career limiting move... oopsie!

#21
ive done 3 tours whilst working for the same employer.

although i wouldnt change any of my time i would advise anyone, especially given the present economic climate, to put their families and then their careers before the TA and mobilisation.

i'm not complaining but once your usefullness is over with the army you are quickly forgotten. its not worth sacrificing your career for.

i have damaged my civi career to such an extent that i am now looking into a complete change of direction work wise as my chances of promotion are zero.

on the other hand mobilisation gives us fortunate few a choice of safety net if we are made redundant. many civis have no choices at all. at least we have.
 
#22
fusilier50 said:
ive done 3 tours whilst working for the same employer.

although i wouldnt change any of my time i would advise anyone, especially given the present economic climate, to put their families and then their careers before the TA and mobilisation.

i'm not complaining but once your usefullness is over with the army you are quickly forgotten. its not worth sacrificing your career for.

i have damaged my civi career to such an extent that i am now looking into a complete change of direction work wise as my chances of promotion are zero.

on the other hand mobilisation gives us fortunate few a choice of safety net if we are made redundant. many civis have no choices at all. at least we have.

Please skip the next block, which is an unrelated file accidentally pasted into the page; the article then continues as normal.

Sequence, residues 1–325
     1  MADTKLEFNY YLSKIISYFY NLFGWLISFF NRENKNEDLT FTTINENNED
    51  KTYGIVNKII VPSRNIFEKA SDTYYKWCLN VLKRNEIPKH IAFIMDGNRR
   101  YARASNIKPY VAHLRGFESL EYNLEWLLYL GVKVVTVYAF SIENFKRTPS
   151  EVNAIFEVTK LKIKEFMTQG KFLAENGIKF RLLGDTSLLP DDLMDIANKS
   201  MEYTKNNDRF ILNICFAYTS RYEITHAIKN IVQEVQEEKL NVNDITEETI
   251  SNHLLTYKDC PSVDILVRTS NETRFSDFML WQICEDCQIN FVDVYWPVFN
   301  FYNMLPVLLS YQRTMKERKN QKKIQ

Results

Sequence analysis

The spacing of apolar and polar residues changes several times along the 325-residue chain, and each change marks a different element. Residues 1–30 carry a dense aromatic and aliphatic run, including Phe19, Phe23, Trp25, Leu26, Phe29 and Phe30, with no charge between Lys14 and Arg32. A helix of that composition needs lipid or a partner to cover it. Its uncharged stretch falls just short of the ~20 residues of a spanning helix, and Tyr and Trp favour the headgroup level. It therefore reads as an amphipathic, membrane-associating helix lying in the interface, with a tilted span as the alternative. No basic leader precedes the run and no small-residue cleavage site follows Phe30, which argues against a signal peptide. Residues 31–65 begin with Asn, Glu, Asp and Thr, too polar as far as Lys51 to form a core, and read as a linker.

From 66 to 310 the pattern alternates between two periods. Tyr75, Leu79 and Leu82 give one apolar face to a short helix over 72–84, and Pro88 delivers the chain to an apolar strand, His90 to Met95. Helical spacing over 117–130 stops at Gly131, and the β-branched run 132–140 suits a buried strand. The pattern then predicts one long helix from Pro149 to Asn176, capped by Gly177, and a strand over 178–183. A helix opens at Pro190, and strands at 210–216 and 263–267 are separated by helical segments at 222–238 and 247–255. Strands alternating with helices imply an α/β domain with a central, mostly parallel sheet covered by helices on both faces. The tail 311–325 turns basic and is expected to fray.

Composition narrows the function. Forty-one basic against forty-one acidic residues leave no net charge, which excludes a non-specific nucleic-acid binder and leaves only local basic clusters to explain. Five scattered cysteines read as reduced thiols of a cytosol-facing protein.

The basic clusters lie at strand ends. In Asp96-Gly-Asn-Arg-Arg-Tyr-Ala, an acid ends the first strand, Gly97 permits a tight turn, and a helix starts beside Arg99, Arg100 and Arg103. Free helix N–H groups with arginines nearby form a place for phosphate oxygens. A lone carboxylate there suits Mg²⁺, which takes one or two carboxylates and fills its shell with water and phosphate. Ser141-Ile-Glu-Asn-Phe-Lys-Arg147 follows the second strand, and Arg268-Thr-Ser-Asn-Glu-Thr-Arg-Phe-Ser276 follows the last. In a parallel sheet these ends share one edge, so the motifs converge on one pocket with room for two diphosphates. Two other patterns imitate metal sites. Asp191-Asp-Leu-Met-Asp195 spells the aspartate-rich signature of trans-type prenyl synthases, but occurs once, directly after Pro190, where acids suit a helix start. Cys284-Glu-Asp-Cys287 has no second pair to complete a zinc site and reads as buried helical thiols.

The other option is FTRS. Still no long-term job security - but then who has that these days anyway except civil servants ? At least you get to choose where you send the next 2 years.

The only way MOD will get a decent number of employers to allow TA to deploy will be to make it worth their while. How about a rebate on NI for all TA employees and some sort of tax credit for training and employing the stand-in while a TA soldier is mobilised - Justified to the Treasury in terms of taking some wallah off the dole for 9 months?
 
#23
Hootch said:
One_of_the_strange said:
You have a choice. Keep your job or get mobilised. And that all the comfort there is I'm afraid.

While it is not guaranteed he'll win it might as well be as I'm not aware of any employers losing - they're trying as hard as they can not to annoy them any more. (That's why they insist they're onside before mobilising of course)
Not true OotS - recent case were it went to appeal and the employer lost.
BE VERY CAREFUL WITH THIS VERY FRAGILE STATEMENT!

It is true that a recent case went to court and the the employer lost. However, it is the only case for at least 18 months (the RAF case being the most recent before that) and the penalty was that the employer was fined. The individual did not get their job back.

And the fine?